Crawley’s Mary Gillies will be flying the flag for Sussex and the South of England and going for gold in Leicester, when she competes in the British Polio Fellowship National Indoor Games at the Leicester Marriott Hotel (22-24 March). Representing The South of England region at Scrabble, Mary will take her place in the South of England squad, competing with around 140 members of The British Polio Fellowship who have made it through to the finals in a range of disciplines from around the regions.Mary was only five years old when she was unlucky enough to contract Polio in the last major UK epidemic back in 1956 but has not let Polio hold her back. She is a regular attendee at the National Indoor Games and is both Secretary and Sports Coordinator of the South of England region of The British Polio Fellowship.
Anyone in the South of England who may have been affected by the impact of Polio or PPS, either individually or indirectly through friends and family can call The British Polio Fellowship on 0800 043 1935.Having been actively involved with the British Polio Fellowship for many years; Mary remains hugely supportive of the work the charity does, both in her position as regional secretary and her skills at the Scrabble table. Mary is particularly forthright about the importance of the National Indoor Games and its incalculable value to those living with Polio and PPS.
“The National Indoor Games is about more than just sport or even taking part,” explained Mary. “It’s a whole combination of things. It’s the one national event those with Polio have where we all get the chance to compete and socialise and this makes it very special. One of the first things I do at the end of every games is take all the requests from people wanting to come again next year! I also try to organize the regional games when I can.”
For Mary, sport combined with competition and socialising, while important, is not what makes the games special. It is something more significant, if less tangible that gives the games its enduring popularity among the community of those living with Polio and its effects.
“The games is a once a year opportunity, the one chance to talk to others and its surprising what bits and pieces can come out of these conversations,” added Mary. “It’s hard to explain, but you find you are not the only one and the tips and advice people have can make a big difference.”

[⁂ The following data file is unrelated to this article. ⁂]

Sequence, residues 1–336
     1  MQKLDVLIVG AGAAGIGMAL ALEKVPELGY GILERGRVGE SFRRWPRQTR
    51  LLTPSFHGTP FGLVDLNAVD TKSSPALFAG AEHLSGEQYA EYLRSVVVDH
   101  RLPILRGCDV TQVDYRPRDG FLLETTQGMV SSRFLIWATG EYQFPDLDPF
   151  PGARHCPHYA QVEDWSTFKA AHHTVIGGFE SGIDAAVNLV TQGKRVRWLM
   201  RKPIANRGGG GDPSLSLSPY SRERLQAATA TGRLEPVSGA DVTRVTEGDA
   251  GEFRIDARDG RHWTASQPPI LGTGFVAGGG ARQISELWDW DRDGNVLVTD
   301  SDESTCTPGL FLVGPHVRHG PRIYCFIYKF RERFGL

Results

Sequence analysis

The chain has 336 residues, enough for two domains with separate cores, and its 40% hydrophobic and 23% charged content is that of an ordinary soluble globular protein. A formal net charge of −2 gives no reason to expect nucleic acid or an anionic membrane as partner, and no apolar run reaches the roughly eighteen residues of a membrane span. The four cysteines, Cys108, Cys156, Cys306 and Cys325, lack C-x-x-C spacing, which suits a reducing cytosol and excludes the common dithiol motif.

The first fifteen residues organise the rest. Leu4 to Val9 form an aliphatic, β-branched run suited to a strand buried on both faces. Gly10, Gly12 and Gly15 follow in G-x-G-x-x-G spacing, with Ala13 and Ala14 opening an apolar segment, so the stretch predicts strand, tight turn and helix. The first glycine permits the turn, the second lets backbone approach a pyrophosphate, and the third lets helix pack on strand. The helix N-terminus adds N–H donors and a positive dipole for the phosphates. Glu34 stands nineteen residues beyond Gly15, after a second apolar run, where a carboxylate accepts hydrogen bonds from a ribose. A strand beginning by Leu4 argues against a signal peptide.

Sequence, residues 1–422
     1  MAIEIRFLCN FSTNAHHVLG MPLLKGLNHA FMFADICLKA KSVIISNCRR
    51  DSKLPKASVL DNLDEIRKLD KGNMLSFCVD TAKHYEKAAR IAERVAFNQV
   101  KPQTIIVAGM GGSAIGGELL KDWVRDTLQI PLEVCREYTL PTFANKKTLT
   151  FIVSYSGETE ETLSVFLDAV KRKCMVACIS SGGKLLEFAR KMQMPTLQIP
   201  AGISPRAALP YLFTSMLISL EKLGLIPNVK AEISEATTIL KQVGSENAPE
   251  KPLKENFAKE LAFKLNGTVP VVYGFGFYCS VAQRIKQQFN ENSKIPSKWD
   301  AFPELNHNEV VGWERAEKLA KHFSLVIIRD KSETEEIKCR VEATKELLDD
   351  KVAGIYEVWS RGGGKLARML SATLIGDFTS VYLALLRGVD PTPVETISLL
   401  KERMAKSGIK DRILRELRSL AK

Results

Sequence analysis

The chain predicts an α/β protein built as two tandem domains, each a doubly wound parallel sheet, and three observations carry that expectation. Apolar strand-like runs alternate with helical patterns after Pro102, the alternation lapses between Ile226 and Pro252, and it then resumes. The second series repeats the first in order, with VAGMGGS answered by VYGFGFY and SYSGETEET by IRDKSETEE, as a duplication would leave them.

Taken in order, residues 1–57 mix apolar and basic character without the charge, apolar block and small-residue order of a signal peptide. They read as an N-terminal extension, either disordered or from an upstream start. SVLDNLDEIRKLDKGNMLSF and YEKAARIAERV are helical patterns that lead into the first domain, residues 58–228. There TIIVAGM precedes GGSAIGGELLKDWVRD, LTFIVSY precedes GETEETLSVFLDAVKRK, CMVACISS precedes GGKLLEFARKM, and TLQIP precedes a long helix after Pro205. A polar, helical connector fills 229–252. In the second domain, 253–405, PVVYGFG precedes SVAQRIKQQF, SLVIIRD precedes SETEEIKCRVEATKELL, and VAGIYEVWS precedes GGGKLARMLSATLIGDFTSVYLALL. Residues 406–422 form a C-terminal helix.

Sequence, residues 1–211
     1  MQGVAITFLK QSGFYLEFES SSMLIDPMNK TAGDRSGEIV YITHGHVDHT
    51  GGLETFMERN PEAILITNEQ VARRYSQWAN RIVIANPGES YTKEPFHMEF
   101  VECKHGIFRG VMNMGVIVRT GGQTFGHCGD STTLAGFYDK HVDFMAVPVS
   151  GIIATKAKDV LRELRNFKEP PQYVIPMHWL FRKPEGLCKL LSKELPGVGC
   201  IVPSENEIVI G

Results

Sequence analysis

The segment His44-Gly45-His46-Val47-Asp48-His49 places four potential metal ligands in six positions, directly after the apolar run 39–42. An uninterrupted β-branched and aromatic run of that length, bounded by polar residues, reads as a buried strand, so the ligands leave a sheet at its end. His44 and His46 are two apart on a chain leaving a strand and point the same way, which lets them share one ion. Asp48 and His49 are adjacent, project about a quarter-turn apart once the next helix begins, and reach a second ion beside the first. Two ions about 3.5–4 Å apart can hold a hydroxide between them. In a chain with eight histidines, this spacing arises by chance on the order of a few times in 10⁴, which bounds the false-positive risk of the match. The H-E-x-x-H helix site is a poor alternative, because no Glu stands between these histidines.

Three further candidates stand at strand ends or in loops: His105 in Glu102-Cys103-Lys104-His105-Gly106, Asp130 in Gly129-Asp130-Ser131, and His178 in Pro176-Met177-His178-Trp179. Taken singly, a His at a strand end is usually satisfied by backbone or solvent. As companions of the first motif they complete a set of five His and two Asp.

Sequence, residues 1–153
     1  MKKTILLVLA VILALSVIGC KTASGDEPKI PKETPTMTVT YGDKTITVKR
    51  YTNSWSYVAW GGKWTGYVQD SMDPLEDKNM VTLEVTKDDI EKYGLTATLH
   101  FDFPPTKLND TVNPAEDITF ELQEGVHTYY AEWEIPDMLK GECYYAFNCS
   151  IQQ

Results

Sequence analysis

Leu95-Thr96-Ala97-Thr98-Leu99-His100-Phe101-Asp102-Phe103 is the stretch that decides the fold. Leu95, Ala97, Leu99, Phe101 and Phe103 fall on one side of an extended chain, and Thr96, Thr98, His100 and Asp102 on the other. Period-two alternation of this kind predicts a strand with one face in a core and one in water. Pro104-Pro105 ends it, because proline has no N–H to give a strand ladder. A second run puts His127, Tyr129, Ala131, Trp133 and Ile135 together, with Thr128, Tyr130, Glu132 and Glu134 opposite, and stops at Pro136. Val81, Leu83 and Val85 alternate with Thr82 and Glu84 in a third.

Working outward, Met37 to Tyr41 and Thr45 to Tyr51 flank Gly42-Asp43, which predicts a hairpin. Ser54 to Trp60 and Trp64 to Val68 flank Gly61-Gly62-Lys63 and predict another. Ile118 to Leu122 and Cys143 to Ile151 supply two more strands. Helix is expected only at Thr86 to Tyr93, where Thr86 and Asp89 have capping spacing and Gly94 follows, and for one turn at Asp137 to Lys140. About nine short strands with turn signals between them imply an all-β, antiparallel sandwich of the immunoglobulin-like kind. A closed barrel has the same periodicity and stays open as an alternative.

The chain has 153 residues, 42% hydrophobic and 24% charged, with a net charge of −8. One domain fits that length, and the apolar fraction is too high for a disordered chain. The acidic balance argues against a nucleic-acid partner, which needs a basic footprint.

Having qualified from their regional heats in one of the 9 regions of the country, comprising East Midlands; Scotland; Home Counties; North of England; North West; South of England; Wales; Western; and Yorkshire, participants will compete for a range of medals. 10 individual games will be played: Kurling; Bowls; Darts (standing); Darts (sitting); Boccia; Draughts; Cribbage; Dominoes; 5s and 3s; and Scrabble, with medals up for grabs in all categories and the competition is extremely fierce.
“I’m looking forward to the games as always and while I would like to win, it really is about taking part,” said Mary. “You get to catch up with friends from all over the country and make new ones. I really would encourage people who have never been before to come along. It’s a very welcoming event and no one is isolated. Anyone who finds themselves alone will find someone coming over to have a chat and say hello, so you have nothing to lose and a great deal to gain by joining us.”
In attendance and lending his support to the participants at Leicester will be paralympian and London 2012 silver medal winner James Crisp, a keen ambassador for The British Polio Fellowship. Having contracted Polio as a baby from vaccine damage, this led to James eventually losing the use of his left leg. Having experienced this muscle wastage from such an early age James has always managed his lifestyle around his disability and hasn’t let it hold him back from achieving his dreams.James Crisp said: “Contracting Polio was obviously a traumatic experience for my parents but one which I was luckily too young to really understand at the time. However, it has made me the person I am today and it’s the reason I am part of the British Paralympics Squad.
“I am a keen supporter of The British Polio Fellowship; working to raise money for the charity through my sponsors and supporters, in order to help others like me achieve their dreams and make the most of their abilities, not focus on their disabilities. The Indoor Games is a unique opportunity for those with Polio and PPSto come together for the weekend from all over the country, keep the Olympic and Paralympic spirit alive and try and fulfil their dreams of achievement.”
Ted Hill, Chief Executive of the British Polio Fellowship, said: “It must be remembered that many of our members who have made it through to the national finals were strong competitors in many sports when they were younger, many having represented their region and country in the original British Polio Games which included track and field and swimming.
“Polio and PPS combined with older age means that most of our members can no longer compete in the more athletic sports and games, so the Indoor Games was born as a way of ensuring our members still had a national forum in which to compete and socialise.”
Whilst the level of competition is still incredibly intense and people are clearly ‘playing to win’, equally as important to those with Polio and PPS is the opportunity to catch up with old friends, swop notes about latest treatments and share experiences found to help with day to day living.